Here we go again. What is journalism? Who is a journalist? How do you educate journalists?
It's an existential question that's becoming more pertinent as academics, media firms and "hacks" themselves grapple with an increasingly foggy landscape where ordinary citizens, technological advances, and the general context take on dizzying proportions on a non-stop treadmill.
According to Eric Newton, senior adviser to the president at the John S. and James L. Knight Foundation, "Journalism education isn't evolving fast enough, and you should help change that."
He wrote a scathing piece for the Nieman Journalism Lab calling on digital natives to make the status quo uncomfortable for professors who won't change and to refuse to work on old school student media
I realize now that change in journalism and communications education is like climate change, chock-full of deniers. The digital deniers say journalism's fundamentals have not been upended. Some go so far as to claim that bad leadership alone, and not a sea change, cost America a third of its daily paper newsroom workforce. They claim journalism education stays abreast of any important developments. They caution against caring "too much" about technology.
Professors are supposed to know things. So how do we tell some of them they don't know what they are talking about?
To Newton, journalism is about facts, honesty, staying current, reaching people their way, reality, work and innovation.
So how does one go about educating journalists?
The Atlantic's global editor, Olga Khazan, was more specific. She and colleagues who write, edit and analyze data pointed to subjects they wished they had learned in journalism school before entering the job market.
A key course is statistics, she said.
It's remarkable the number of times I've wished I knew how to perform a regression analysis. I took some economics and statistics in college, but it was barely mentioned in j-school, even though most journalists have to analyze numbers and determine whether and how to report on them.
Other subjects she deemed vital are data analysis, studies (reports, surveys), pitching stories, civic issues, online writing, and, the Internet--and why things work the way they do.
Helpful answers to this recurring question can also be found in a very useful report unveiled at a conference I attended that was organized by the Columbia Journalism School in New York.
The 77-page study entitled "Educating Journalists: A New Plea for the University Tradition" takes a comprehensive look at challenges U.S. academics and professionals face in their efforts to form would-be journalists as well as the media's view on what ought to be coming out of j-schools.
Authors Jean Folkerts, John Maxwell Hamilton and Nicholas Lemann, former dean of Columbia's Journalism School, where the program is aimed at graduate students, argue that j-schools must orient themselves toward both the university and the profession, that research is crucial, and that understanding is as important as presentation.
"Journalism education is more out there as a discussed topic than it was 10 years ago when I first came here," said Lemann. "I think that's partly because...journalism itself, the world of practice, is in crisis."
Add to that the cultural divide between academics who lean heavily in the direction of research and professionals who teach journalism and insist on practical skills to better align with job market needs.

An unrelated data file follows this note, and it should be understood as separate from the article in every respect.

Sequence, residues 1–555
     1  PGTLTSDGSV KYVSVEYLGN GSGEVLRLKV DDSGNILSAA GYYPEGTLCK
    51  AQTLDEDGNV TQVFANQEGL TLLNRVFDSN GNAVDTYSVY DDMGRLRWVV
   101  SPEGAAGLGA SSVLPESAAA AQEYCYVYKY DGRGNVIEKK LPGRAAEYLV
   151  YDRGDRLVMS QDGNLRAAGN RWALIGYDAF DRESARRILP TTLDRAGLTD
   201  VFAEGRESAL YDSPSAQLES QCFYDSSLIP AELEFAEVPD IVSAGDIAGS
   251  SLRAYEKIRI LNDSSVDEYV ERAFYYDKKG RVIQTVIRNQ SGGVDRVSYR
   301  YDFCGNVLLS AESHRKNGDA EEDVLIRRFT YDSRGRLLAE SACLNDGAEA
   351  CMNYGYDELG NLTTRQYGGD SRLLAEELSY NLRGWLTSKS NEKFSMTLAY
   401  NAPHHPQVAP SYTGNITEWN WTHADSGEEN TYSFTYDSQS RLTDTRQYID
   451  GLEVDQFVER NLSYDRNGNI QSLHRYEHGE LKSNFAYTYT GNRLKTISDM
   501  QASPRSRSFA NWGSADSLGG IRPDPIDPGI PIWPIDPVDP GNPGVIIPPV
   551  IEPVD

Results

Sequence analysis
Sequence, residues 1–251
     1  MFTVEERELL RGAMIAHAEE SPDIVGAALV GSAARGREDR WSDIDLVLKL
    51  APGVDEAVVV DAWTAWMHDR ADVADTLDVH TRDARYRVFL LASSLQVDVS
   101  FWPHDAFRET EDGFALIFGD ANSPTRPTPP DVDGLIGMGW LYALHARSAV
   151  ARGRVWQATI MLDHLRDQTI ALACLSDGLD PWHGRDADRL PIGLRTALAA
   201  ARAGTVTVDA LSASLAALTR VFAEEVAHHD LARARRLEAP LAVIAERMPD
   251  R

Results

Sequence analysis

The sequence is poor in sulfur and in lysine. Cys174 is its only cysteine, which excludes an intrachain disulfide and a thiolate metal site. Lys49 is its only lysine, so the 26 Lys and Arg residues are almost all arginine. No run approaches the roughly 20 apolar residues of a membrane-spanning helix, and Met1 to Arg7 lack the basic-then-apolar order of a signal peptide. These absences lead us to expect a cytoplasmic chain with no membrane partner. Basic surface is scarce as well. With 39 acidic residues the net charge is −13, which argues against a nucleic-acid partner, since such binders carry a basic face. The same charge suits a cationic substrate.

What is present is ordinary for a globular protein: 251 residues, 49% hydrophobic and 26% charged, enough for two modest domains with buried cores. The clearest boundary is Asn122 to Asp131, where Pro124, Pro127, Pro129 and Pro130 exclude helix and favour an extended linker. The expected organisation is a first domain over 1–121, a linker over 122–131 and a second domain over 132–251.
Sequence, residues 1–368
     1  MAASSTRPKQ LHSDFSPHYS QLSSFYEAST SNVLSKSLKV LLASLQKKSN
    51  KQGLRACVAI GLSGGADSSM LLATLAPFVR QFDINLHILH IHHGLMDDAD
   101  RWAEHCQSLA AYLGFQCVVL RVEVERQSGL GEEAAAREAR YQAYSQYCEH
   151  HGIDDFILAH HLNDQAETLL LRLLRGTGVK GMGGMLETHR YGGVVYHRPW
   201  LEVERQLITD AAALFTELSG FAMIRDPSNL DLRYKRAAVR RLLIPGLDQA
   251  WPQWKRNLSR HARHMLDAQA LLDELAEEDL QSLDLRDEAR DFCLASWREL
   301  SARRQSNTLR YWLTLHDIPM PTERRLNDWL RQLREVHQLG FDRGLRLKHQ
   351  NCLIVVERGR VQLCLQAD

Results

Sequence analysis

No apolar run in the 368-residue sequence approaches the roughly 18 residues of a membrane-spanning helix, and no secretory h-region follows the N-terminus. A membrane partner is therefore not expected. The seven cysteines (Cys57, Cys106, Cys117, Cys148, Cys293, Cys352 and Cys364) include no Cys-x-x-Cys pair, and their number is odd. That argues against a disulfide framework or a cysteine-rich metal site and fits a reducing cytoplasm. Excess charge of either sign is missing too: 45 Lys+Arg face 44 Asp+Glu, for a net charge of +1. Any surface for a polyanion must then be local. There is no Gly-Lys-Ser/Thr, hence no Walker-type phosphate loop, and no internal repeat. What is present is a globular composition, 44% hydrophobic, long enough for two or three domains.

The authors counseled a solid wedding of the two streams of thought within the academy and proposed the following objectives for M.A. journalism programs: mastering skills, developing high levels of analysis, gaining historical knowledge of journalism education, understanding the theoretical underpinnings of content, understanding diversity, recognizing the legal ramifications of journalistic work and understanding the rapid changes affecting journalism to better sustain it.
I modestly proposed to the panel that in an increasingly globalized world, journalists should also be multilingual to better understand what they see and cover and to better convey the message.
Which brings me full circle to "Existential Journalism," John C. Merrill's reissued classic that he so graciously gave me in 1999.
Merrill, who passed away last year and taught journalism for decades at the University of Missouri, nailed it when he wrote: "Existentialism demands that a journalist push forward, experiment, explore, take chances, and try to make a difference in the world."
Even then he lamented the indoctrination that had replaced liberal education as a goal in most journalism schools and departments.
"Concern with the 'right way to do things' is replacing a lively regard for experimentation, free-ranging intellectual curiosity, and a concern for and questioning of, established doctrine," he said.
Thomas Kent, the standards editor of The Associated Press, argues that the debate on who's a journalist is getting more urgent, adding that "a set of basic ethical tests, applied to a person's body of work, could build on the idea of journalism as a service and help supplement the definition of a journalist for shield law purposes."
His definition springs from the argument surrounding the U.S. Senate's tackling of a draft media shield law to protect journalists' confidential sources.
But can journalists today protect their confidential sources given governments' relentless efforts to snoop on their emails, phones and all forms of communication and should they just toe the line?
Merrill wrote prophetically in his existential treatise: "In the face of a pessimistic future for journalism where conformity and depersonalization is growing and freedom is dying, the individual journalist must wage continuous and personal war against the beguiling pressures to conform."
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